Monday, November 22, 2021

Routinely Asked to Use Leftist Fictions

John McWhorter writes in the NY Times:
To point out the nakedness of the emperor is the height of impropriety, and I suspect that the sheer degree to which we are asked to engage in this dissimulation will go down as a hallmark of the era: Do you believe that a commitment to diversity should be crucial to the evaluation of a candidate for a physics professorship? Do you believe that it’s mission-critical for doctors to describe people in particular danger of contracting certain diseases not as “vulnerable (or disadvantaged)” but as “oppressed (or made vulnerable or disenfranchised)”? Do you believe that being “diverse” does not make an applicant to a selective college or university more likely to be admitted?

In some circles these days, you are supposed to say you do. ...

The notion seems to be that practitioners and scholars, across disciplines, must devote a considerable part of their time to putatively antiracist initiatives. ...

The American Medical Association and the Association of American Medical Colleges have released a “guide” that urges practitioners to employ a left-leaning glossary in pursuit of “health equity.” The problem is that what they recommend would be all but inapplicable in the real world. ...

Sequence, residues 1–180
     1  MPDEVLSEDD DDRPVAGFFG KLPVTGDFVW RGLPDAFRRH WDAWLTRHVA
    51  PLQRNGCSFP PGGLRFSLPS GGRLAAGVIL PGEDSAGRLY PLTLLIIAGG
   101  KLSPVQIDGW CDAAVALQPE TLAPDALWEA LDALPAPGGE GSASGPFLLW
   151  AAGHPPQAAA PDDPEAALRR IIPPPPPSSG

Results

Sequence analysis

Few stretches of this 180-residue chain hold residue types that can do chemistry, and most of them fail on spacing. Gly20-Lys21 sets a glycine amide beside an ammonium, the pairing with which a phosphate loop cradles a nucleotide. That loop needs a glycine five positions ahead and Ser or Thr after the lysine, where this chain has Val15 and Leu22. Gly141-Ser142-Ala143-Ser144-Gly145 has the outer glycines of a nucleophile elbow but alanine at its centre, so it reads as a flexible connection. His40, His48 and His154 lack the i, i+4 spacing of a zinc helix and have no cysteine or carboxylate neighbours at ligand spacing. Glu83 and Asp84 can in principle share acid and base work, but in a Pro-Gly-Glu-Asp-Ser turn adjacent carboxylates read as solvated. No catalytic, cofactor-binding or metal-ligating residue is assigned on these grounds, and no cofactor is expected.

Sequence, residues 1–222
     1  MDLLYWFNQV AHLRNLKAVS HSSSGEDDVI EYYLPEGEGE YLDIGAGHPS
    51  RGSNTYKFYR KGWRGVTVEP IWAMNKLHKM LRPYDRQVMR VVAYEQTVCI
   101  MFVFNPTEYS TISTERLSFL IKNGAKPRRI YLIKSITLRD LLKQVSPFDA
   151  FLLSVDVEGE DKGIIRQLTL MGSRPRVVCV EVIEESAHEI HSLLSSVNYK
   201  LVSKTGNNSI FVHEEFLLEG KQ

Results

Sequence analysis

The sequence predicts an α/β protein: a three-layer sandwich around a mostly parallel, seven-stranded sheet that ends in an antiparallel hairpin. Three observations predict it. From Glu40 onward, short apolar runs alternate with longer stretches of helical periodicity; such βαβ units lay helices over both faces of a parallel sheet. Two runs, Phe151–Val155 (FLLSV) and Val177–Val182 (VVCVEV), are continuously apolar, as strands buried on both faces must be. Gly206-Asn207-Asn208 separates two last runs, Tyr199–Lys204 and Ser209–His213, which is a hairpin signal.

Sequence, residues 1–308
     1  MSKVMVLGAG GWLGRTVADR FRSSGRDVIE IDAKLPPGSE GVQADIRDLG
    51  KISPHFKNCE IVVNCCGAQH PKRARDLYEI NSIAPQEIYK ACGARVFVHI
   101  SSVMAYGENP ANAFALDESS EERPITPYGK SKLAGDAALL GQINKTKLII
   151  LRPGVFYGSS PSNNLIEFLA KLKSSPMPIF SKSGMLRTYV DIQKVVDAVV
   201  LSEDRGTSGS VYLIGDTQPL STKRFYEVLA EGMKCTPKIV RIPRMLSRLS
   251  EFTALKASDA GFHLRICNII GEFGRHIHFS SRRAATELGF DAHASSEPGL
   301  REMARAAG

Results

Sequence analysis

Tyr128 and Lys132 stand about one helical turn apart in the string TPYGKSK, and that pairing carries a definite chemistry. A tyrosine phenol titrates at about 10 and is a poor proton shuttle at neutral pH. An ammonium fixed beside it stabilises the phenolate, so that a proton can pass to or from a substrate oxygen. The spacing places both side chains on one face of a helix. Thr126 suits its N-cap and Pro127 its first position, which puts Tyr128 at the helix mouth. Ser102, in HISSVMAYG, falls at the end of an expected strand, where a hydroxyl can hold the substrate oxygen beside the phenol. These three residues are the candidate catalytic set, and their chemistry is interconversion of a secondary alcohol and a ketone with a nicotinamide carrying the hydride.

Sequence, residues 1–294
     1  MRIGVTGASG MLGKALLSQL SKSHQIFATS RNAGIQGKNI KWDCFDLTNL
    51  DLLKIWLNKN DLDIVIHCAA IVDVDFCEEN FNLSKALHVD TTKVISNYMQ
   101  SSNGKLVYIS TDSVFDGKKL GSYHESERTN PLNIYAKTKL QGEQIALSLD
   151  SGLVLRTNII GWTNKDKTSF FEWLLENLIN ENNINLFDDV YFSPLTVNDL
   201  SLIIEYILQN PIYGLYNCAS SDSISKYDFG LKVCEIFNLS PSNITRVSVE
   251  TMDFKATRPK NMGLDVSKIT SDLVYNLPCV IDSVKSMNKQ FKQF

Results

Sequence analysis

My point here isn’t to debate the pros and cons of affirmative action. There are legitimate arguments on both sides of that debate. My point is that the existence of various forms of affirmative action in admissions is a fact, and saying otherwise is fiction. Beyond this musical, it is often suggested that it is disingenuous, if not racist, to surmise that a Black student was admitted to a school via racial preferences.

He can get away with saying the obvious because he is Black.

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